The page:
Konstantin Grcic: It’s something I consider a lot. Simplicity is something I strive for while knowing that simplicity is never simple. It’s actually quite complicated. I never liked the formalistic path in simplicity where it’s something simple therefore it has to be all straight lines. I don’t believe that. Coming back to a tool. A tool is perfectly simple but it is quite intriguing in shape and detailing. A simple reference is never something I would copy, without questioning. I would always try to find an even simpler version of simple or to change the idea of simple in the first place. Jasper Morrison, for example—a designer I admire, who has been a great mentor—has a different approach to simplicity. He’d take things that exist and rework them in a very close way. Change them just slightly, giving them his magic touch. I like to turn things upside down and discover that, what we consider simple, can also be done completely differently.
Hannah Martin: Your Miura barstool sort of does that.
Konstantin Grcic: This is a very good example—it’s a perfectly simple stool, now. The process was not at all simple—the way it’s designed, the geometry of it, the way it’s molded. But when you see it, I think it reads as simple. There’s a clear function and reason why it is the way it is.
Hannah Martin: You know where your feet go. You know how to interact with it. But if you told someone to visualise a simple barstool, this is probably not what would come to mind.
Konstantin Grcic: Exactly, it’d be a round seat and three straight legs.
Hannah Martin: I read that you always model everything in paper before you make it. Is that part of how you arrive at these unusual forms?
Konstantin Grcic: It’s not quite true anymore. But there was definitely a period in my career when model making was so important to developing the product. I used paper, scissors, sellotape, a piece of wire—very simple materials. My intention was never that these simple cardboard models would resemble the final product. I just needed these basic models in order to understand the physicality of the object. But then, quite often, I have realised that actually this model—because I had to simplify the geometry; because cardboard or wire can only do certain things—had an aesthetic value. These basic models had a directness; something quite fresh, simple—stretching this word a bit too much now, ha! Over the last decade, software has developed so fast that we are using sophisticated modeling tools on the computer. You can 3d print a model straight from the computer which, 20 years ago, wasn’t possible. My process, and consequently, the results, have changed a bit with the technology. I have no nostalgia about the old process, but I remember how it was and I liked it. It was a conscious decision, in some instances, to go with this aesthetic of a primitive model rather than making it very sophisticated.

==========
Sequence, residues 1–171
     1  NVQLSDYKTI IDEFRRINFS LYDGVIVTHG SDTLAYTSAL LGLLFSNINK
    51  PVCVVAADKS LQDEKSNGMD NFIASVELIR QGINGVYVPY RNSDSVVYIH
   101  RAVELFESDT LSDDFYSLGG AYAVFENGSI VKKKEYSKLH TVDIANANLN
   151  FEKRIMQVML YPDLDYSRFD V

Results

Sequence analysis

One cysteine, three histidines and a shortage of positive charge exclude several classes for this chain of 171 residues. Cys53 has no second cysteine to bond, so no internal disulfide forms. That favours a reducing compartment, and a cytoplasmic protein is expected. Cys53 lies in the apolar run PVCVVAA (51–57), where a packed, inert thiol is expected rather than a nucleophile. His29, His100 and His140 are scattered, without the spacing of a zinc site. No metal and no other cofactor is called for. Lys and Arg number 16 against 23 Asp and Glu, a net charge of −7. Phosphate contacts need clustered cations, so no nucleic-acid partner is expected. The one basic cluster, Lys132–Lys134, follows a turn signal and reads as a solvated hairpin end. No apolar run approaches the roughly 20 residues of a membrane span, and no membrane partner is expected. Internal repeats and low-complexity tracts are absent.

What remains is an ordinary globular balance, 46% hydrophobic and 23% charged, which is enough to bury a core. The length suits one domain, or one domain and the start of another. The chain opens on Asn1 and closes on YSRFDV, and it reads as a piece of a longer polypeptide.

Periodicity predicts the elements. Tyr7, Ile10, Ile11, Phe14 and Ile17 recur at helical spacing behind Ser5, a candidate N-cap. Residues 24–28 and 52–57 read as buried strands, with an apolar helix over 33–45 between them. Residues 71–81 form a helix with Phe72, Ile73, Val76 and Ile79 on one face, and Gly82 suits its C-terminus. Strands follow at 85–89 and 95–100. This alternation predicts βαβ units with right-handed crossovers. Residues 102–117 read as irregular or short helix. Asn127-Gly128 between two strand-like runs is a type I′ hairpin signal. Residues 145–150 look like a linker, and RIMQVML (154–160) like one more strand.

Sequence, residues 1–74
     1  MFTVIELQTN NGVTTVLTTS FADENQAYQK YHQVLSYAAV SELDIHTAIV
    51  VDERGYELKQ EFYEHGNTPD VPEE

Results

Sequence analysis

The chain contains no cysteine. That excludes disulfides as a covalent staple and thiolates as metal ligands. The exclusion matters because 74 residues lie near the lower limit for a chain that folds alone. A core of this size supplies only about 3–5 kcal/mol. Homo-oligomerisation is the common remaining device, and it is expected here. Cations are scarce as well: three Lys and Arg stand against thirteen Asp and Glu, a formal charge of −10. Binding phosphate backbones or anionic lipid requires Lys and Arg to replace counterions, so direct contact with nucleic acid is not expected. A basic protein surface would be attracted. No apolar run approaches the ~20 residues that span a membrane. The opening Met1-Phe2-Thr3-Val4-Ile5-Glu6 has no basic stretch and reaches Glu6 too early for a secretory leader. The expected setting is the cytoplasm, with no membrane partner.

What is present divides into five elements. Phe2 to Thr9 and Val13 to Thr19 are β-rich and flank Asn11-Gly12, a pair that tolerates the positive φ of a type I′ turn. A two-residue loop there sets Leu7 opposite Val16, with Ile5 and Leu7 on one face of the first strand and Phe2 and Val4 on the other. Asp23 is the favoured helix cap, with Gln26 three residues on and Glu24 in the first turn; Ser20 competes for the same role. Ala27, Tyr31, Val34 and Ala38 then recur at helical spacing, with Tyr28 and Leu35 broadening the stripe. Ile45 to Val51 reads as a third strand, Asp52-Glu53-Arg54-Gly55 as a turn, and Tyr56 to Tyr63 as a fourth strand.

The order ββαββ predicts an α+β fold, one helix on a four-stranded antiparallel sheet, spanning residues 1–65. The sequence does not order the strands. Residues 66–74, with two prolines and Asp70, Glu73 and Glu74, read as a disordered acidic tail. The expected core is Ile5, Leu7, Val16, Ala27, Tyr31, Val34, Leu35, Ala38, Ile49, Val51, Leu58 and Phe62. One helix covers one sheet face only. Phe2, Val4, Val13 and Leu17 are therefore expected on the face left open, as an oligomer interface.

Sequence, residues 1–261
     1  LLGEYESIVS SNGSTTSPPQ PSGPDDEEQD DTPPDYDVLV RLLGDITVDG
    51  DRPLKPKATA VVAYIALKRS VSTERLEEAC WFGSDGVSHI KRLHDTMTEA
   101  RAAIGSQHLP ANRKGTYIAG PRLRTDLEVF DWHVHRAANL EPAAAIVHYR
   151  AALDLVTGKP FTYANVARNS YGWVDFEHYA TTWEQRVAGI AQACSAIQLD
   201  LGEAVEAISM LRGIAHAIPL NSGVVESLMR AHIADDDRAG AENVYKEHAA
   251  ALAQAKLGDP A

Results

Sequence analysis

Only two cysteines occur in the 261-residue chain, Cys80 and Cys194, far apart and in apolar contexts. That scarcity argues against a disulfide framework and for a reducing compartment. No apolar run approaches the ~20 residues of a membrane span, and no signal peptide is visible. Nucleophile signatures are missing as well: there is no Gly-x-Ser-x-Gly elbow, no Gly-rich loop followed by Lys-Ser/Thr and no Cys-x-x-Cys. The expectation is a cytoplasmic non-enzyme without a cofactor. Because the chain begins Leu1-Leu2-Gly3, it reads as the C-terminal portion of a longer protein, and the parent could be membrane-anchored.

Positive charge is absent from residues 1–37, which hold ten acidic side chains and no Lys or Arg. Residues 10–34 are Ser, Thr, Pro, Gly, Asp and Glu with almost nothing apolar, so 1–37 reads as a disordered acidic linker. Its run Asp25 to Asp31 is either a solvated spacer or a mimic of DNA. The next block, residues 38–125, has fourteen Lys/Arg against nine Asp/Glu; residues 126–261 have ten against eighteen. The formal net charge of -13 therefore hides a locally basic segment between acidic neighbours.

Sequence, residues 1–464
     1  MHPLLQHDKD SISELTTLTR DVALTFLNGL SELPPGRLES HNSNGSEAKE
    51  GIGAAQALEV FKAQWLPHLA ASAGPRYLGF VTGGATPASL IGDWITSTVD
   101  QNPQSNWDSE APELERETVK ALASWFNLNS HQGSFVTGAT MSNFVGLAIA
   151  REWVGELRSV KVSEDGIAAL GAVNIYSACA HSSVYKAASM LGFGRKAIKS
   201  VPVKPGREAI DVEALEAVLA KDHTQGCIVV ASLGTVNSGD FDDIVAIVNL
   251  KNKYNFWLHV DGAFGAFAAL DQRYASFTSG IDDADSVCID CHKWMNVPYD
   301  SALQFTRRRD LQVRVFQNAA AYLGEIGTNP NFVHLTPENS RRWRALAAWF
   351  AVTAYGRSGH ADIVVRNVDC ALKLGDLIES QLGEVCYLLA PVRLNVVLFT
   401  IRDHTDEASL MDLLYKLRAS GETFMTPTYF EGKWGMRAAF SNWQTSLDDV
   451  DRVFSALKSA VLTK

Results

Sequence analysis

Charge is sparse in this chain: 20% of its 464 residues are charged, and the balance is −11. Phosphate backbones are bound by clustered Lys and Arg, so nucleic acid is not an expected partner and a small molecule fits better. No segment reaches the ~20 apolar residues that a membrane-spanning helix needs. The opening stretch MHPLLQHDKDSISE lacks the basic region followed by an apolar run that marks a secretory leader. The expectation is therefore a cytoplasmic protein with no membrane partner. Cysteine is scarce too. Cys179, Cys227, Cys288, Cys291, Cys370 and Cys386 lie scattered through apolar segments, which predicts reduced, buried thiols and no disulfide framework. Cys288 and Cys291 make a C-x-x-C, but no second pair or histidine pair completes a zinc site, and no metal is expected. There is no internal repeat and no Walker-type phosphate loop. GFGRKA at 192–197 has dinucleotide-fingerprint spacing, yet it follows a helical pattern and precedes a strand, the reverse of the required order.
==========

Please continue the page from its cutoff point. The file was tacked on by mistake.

Hannah Martin: Tell me about your quarantine. I’m interested in how staying home
—sometimes in a small, fixed space—has affected designers. Did it change your relationship to the objects you live with?
Konstantin Grcic: We were quarantined in Berlin but we were, at all times, able to move, unlike people in other countries who weren’t allowed to leave the house for two or three months. That wasn’t the case here.
Hannah Martin: So perhaps it didn’t have so much of an effect on you?
Konstantin Grcic: Well one effect of this quarantine was that my office was in lockdown and remote mode. My assistants were at home. We couldn’t spend the day together in the office. I really missed that. I’m glad that this phase is over for now and my assistants are back and we’re spending time together working. The design process is very dynamic, it’s very interactive. During the lockdown we’d have Zoom sessions in the morning to discuss what each of the designers should be doing and they’d send me results in the evening but I found that very frustrating. Not because they didn’t do a good job but because I was missing the process. I always felt that, had we had the chance to work on this together, this afternoon, we could have done it differently. I could have intervened more quickly.I don’t find my process lends itself to a remote practice.